Properties of steel and cement
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Published: Mon, 5 Dec 2016
Steel differs from wrought iron and cast iron, only in the percentage of carbon content. Steel contains more iron than wrought iron and less than that of cast iron. It is because of this reason that steel is considered to occupy a position between these two metals. However, the properties of steel, wrought and cast iron differ tremendously. Let’s take a look at the physical properties of steel.
The physical properties of steel are totally different from its component elements viz. iron and carbon. One of the major properties of steel is the ability to cool down rapidly from an extremely hot temperature after being subjected to water or oil. Physical properties depend on the percentage composition of the constituent elements and the manufacturing process. A particular amount of carbon can be dissolved in iron at a specific temperature.
Cement is very costly these days. Cement used in construction is characterized as hydraulic or non-hydraulic. Hydraulic cement hardens because of hydration, chemical reactions that occur independently of the mixture’s water content; they can harden even underwater or when constantly exposed to wet weather. The chemical reaction that results when the anhydrous cement powder is mixed with water produces hydrates that are not water-soluble. Non-hydraulic cements (e.g., lime and gypsum plaster) must be kept dry in order to retain their strength.
For mild steel, stainless steel and cast iron,
Mild steel is a type of steel alloy that contains a high amount of carbon as a major constituent. An alloy is a mixture of metals and non-metals, designed to have specific properties. To get what mild steel is, one must know what the alloys that are combined to make steel are. Steel is any alloy of iron, consisting of 0.2% to 2.1% of carbon, as a hardening agent. Besides carbon, there are many metal elements that are a part of steel alloys. The elements other than iron and carbon, used in steel are chromium, manganese, tungsten and vanadium. All these elements along with carbon, act as hardening agents. The ductility, hardness and mild steel tensile strength are a function of the amount of carbon and other hardening agents, present in the alloy.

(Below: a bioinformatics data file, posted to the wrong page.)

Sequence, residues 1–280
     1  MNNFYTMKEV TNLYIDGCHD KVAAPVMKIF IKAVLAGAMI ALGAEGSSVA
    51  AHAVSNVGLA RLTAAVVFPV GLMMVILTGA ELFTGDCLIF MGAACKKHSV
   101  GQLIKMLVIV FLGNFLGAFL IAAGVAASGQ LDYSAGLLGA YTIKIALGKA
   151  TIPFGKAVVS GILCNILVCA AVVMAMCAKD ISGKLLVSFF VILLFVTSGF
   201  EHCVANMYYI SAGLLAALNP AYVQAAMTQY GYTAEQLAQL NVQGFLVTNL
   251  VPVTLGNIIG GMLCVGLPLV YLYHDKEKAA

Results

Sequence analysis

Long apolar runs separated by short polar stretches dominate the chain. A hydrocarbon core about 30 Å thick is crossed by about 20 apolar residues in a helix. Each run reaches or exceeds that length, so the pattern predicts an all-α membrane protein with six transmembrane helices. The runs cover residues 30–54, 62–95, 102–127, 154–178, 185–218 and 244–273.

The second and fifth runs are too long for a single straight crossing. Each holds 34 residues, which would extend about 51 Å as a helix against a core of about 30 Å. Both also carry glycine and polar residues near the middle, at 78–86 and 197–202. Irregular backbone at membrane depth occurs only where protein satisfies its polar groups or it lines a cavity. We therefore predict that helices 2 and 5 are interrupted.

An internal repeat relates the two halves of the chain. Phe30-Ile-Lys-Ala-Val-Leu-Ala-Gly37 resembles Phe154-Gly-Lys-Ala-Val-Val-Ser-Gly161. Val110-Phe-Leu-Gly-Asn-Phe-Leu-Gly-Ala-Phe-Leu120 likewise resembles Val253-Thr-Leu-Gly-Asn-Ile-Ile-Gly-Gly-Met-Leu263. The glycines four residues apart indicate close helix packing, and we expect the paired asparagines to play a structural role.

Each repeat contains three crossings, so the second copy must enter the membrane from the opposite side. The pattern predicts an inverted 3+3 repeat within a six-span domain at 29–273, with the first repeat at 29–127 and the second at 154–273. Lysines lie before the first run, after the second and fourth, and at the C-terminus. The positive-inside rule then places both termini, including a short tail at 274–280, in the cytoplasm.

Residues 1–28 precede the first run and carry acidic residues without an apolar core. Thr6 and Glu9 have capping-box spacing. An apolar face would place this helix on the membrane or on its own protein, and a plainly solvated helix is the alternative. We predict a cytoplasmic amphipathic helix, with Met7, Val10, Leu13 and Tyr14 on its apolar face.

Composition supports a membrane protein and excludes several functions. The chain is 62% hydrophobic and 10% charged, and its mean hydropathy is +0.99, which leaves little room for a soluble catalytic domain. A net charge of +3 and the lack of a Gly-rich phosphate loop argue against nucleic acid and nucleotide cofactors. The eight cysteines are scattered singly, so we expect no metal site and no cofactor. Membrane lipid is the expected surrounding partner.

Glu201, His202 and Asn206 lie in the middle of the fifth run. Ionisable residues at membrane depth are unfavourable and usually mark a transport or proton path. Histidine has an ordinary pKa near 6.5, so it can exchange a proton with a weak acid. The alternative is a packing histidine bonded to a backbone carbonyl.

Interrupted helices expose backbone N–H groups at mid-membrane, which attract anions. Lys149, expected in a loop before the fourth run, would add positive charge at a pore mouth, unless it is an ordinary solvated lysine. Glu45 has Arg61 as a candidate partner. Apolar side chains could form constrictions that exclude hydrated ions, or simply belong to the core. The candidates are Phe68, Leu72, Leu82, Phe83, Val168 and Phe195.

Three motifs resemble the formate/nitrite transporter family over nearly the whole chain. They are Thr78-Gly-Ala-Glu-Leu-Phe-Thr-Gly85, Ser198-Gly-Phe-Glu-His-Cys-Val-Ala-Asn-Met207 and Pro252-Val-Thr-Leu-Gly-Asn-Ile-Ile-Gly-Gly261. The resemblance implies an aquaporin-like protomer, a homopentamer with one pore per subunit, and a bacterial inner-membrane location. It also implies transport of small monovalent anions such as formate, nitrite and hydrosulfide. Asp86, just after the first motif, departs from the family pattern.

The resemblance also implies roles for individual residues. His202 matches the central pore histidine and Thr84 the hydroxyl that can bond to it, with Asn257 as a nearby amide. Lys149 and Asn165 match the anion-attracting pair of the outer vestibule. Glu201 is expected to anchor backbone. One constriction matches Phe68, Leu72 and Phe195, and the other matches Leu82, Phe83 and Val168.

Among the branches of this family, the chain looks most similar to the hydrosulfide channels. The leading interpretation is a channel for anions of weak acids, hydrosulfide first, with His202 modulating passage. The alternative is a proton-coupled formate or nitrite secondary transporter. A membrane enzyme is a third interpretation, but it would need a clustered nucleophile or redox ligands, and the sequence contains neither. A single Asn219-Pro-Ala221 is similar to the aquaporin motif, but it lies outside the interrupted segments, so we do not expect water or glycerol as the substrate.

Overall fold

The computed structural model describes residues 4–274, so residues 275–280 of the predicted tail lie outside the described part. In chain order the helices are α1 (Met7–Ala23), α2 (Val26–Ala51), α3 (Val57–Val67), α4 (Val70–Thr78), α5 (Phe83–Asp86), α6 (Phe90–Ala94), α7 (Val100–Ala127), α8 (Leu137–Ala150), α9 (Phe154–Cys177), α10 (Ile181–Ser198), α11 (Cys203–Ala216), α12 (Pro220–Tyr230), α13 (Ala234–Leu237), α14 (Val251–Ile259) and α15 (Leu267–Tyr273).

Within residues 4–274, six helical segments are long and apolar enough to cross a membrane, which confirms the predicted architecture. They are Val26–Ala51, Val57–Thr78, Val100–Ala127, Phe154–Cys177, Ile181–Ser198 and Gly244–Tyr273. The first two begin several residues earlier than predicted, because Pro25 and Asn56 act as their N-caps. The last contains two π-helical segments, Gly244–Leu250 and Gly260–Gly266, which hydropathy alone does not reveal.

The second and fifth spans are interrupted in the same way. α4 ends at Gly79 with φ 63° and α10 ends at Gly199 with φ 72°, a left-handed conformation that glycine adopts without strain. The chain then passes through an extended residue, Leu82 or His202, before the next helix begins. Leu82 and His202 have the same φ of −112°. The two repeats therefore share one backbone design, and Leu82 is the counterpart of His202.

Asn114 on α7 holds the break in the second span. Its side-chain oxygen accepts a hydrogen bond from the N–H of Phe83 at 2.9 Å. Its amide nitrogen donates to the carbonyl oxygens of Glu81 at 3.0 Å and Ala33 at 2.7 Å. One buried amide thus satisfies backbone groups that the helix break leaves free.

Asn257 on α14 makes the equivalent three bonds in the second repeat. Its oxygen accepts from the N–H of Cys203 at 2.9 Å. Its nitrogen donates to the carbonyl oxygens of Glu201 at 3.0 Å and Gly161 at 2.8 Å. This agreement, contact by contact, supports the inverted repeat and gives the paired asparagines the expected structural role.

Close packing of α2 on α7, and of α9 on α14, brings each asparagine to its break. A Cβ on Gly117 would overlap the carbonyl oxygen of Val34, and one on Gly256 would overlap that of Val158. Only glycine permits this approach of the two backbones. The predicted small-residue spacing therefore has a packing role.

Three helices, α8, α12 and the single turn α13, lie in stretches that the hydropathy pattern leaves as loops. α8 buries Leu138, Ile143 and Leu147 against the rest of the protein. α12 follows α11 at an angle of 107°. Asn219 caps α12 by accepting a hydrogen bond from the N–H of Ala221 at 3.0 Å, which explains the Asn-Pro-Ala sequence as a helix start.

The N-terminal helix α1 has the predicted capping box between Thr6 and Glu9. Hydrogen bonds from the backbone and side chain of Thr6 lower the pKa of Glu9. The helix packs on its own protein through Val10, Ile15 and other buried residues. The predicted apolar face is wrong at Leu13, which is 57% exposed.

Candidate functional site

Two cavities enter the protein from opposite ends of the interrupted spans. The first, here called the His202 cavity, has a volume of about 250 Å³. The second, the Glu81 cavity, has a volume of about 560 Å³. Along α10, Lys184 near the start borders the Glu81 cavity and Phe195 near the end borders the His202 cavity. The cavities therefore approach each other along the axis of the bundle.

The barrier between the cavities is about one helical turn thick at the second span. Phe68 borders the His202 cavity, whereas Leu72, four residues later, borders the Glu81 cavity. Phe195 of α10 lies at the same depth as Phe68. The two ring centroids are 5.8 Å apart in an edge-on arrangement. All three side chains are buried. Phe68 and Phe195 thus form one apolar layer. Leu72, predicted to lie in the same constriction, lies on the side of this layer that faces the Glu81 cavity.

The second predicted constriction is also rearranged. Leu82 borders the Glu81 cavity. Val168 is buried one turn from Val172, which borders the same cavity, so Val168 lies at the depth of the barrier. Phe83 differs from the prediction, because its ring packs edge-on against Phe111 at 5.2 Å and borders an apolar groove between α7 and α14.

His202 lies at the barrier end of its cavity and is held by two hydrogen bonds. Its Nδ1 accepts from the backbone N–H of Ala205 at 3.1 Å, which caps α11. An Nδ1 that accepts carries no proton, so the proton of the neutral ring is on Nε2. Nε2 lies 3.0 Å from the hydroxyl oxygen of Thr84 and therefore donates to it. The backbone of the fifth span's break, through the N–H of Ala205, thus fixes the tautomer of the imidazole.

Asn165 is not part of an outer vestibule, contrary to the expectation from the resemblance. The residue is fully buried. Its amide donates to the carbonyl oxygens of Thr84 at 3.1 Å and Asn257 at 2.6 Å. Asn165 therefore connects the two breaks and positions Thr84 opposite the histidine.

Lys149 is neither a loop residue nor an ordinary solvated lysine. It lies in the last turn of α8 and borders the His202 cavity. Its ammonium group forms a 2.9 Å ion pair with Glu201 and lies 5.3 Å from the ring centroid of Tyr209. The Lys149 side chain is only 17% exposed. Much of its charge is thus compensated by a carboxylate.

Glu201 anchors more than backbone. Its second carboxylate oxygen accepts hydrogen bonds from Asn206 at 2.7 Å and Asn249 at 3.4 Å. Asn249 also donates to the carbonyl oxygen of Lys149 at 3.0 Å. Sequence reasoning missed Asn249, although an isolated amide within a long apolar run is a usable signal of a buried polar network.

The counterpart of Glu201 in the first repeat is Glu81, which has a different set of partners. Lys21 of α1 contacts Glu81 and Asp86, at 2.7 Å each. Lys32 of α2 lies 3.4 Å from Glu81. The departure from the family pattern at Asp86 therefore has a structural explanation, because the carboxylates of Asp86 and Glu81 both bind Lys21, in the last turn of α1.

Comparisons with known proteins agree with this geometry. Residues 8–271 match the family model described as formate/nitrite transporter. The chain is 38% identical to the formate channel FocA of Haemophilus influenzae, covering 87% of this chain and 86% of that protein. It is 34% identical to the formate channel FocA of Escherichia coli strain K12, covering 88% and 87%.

Cast iron has the compressive strength, Compressive strength is defined as the ability of a material to withstand forces which attempt to squeeze or compress it. Cast iron structures show resistance to deformation and provide a rigid frame. However, if one part of the casting after the iron is poured into the molds, is very thin, and another very thick, then the problem of the structure breakdown becomes prominent.
Properties of wood products,
Wood and wood products are materials derived from trees and include timber, lumber, veneer, wood pulp, wood flour, pellets and chips. Wood products are cheaper than that of metals but they cannot be used in heavy duty columns, because of lower value of modulus of rigidity.
The properties of ceramic materials, like all materials, are dictated by the types of atoms present, the types of bonding between the atoms, and the way the atoms are packed together. In general, most ceramics are hard, wear-resistant, brittle, refractory, thermal insulators, electrical insulators, nonmagnetic, oxidation resistant, prone to thermal shock, and chemically stable.
Glass is material very cheap as per condition but modulus of rigidity is lower. So it is hard material but not a tough for absorbing shock.
Here, as per given condition Kci > 30 Mpa.
There should be following materials from the chart 7.
But from the chart 15 only steel fits the given criteria. From above materials the modulus of rigidity is given by,
E = 200 Mpa for cu-alloy.
E = 400 Mpa for Ni and Ti alloy.
E = 800-1000 Mpa for steels.
So steel has higher value of E and is cheaper than other materials and is easily available.
We are told that choose practical alternative from chart.
So we decide to choose CI, Al-alloy and fiber with steel.
Here steel should be,
Stainless steel is a group of iron-based metal containing at least 10% chromium (alloy metals). The chromium oxide “CrO” creates an invisible barrier (“passive film”) to oxygen and moisture. Therefore the Chromium protects the iron against most corrosion or red-colored rust; thus the term “stainless” steel.
The purpose of stainless steel is to provide hard steel material highly resistant to stain, rust and corrosion and resistance against:
– Adverse atmospheric conditions such as carbon dioxide, moisture, electrical fields, sulfur, salt, and chloride compounds
– Natural and artificially produced chemicals (e.g. ozone)
– Extremes of weather such as cold temperatures
And cast iron should be,
Iron is a lustrous, ductile, malleable, silver-gray metal (group VIII of the periodic table). It is known to exist in four distinct crystalline forms. Iron rusts in dump air, but not in dry air. It dissolves readily in dilute acids. Iron is chemically active and forms two major series of chemical compounds, the bivalent iron (II), or ferrous, compounds and the trivalent iron (III), or ferric, compounds.
Iron is the most used of all the metals, including 95 % of all the metal tonnage produced worldwide. Thanks to the combination of low cost and high strength it is indispensable. Its applications go from food containers to family cars, from screwdrivers to washing machines, from cargo ships to paper staples.